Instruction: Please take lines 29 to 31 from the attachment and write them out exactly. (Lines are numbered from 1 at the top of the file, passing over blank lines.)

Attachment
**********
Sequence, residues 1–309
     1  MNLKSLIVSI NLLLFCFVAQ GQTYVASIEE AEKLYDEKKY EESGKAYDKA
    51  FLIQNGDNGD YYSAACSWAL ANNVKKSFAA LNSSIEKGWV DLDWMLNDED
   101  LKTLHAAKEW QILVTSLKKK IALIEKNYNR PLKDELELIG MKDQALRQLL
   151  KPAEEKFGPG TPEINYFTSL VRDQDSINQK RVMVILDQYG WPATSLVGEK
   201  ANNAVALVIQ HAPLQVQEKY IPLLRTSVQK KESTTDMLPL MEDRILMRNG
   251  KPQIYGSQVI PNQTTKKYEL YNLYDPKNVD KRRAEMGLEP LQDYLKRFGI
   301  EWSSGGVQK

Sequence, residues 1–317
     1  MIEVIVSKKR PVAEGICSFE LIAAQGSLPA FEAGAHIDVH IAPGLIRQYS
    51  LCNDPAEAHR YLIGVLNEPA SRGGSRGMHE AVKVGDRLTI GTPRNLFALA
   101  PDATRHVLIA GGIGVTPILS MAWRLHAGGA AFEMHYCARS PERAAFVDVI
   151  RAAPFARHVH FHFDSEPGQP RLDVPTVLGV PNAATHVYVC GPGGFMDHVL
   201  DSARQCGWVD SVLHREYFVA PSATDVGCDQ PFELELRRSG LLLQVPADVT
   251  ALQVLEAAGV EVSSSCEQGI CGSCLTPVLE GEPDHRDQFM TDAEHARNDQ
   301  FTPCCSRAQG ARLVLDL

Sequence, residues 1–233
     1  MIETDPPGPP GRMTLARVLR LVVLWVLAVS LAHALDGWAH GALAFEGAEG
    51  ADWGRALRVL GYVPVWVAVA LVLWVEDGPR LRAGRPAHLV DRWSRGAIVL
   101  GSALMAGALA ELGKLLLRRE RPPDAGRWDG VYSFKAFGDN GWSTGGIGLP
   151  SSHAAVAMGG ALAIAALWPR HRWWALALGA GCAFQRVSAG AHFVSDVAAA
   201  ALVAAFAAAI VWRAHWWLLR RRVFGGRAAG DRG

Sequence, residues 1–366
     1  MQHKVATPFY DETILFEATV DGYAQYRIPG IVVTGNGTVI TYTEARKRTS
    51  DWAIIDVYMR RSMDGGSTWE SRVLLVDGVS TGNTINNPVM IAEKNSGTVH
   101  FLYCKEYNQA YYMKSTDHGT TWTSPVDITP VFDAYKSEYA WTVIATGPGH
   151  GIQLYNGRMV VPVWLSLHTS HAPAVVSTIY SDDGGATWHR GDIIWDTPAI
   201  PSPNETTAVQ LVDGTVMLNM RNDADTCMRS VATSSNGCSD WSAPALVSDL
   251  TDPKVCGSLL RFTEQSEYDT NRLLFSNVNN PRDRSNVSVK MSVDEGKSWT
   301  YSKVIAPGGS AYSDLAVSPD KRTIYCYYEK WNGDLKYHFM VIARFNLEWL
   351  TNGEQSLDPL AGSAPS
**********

   251  TDPKVCGSLL RFTEQSEYDT NRLLFSNVNN PRDRSNVSVK MSVDEGKSWT
   301  YSKVIAPGGS AYSDLAVSPD KRTIYCYYEK WNGDLKYHFM VIARFNLEWL
   351  TNGEQSLDPL AGSAPS